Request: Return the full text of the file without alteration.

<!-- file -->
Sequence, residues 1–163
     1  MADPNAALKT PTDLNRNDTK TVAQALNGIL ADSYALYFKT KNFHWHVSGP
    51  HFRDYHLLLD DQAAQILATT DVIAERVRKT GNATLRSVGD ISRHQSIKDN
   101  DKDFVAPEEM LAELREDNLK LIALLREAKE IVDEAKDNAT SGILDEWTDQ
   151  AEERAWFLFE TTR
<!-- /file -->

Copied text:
Sequence, residues 1–163
     1  MADPNAALKT PTDLNRNDTK TVAQALNGIL ADSYALYFKT KNFHWHVSGP
    51  HFRDYHLLLD DQAAQILATT DVIAERVRKT GNATLRSVGD ISRHQSIKDN
   101  DKDFVAPEEM LAELREDNLK LIALLREAKE IVDEAKDNAT SGILDEWTDQ
   151  AEERAWFLFE TTR